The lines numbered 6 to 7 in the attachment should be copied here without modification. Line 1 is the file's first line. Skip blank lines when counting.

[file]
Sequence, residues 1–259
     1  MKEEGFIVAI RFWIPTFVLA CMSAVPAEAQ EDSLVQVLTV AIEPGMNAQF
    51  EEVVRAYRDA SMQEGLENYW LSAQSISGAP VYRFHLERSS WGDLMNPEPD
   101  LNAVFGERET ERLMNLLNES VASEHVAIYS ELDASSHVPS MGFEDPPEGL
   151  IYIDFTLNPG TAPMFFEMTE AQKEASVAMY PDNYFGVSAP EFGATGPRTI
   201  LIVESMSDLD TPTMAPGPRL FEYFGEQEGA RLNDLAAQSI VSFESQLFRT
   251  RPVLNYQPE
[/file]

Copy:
   201  LIVESMSDLD TPTMAPGPRL FEYFGEQEGA RLNDLAAQSI VSFESQLFRT
   251  RPVLNYQPE